Journalists Protest against Philippines Cybercrime Laws

The International Federation of Journalists (IFJ) joins its affiliate the National Union of Journalists of the Philippines (NUJP) in condemning the decision by the Philippine Supreme Court on Tuesday February 18 to uphold the constitutionality of the Cybercrime Prevention Act of 2012.

The NUJP alongside other media and free speech organisations held ‘Black Tuesday’ protests across the Philippines, online and on social media on February 25 to rally media workers and free speech activists against the controversial decision to uphold the 2012 laws that criminalise a host of online activities including libel, system and data interferences and illegal access and interception of computer and cyberspace data.

The NUJP and the IFJ have previously levelled strong criticism at the bill for its inclusion of libel among the crimes that may be committed online. In October 2012 the Supreme Court ordered a 120 day restraining order on the laws after the NUJP was joined by bloggers, netizens, human rights groups and progressive legislators in questioning the legitimacy of the law and demanding its repeal.

In its decision on February 18 2014, the Supreme Court removed several provisions that it found incongruous to the freedoms of expression and speech. The provisions that were struck from the laws included the ability for the government to collect real-time data and to restrict access to websites without a warrant.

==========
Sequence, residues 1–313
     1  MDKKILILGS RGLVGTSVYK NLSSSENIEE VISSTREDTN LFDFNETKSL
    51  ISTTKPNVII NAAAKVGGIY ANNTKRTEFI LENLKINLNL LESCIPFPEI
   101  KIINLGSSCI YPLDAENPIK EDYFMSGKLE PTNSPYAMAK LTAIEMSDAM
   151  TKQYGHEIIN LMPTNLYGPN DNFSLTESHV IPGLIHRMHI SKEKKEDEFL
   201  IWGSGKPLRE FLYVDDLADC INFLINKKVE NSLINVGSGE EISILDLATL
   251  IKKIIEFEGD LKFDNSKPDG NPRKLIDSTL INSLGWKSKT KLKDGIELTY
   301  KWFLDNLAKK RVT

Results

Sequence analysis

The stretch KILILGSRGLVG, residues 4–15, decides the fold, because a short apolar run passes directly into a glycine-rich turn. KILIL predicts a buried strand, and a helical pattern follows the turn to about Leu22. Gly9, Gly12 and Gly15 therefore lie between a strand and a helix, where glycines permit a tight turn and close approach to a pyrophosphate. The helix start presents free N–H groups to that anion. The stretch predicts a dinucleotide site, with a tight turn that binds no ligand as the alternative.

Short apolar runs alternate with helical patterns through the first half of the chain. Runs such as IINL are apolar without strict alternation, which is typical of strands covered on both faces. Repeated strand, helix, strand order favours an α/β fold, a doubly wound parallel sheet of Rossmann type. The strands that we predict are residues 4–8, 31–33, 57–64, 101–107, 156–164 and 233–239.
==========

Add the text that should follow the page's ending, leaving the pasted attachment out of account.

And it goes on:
The NUJP said that despite the removal of these provisions, the laws remained an attack on expression in the Philippines.

“While the Supreme Court rightly declared a number of provisions of the statute unconstitutional, it otherwise upheld the law. This decision is a half-inch forward but a century backward,” NUJP secretary general Rupert Mangilit said.

“By extending the reach of the antediluvian libel law into cyberspace, the Supreme Court has suddenly made a once infinite venue for expression into an arena of fear, a hunting ground for the petty and vindictive, the criminal and autocratic.” 

The IFJ joins the NUJP in calling for a repeal of this decision and for the government of the Philippines to re-draft these laws so that they do not curtail the ability for a journalist to do their job without fear of legal recrimination through fines or jail time.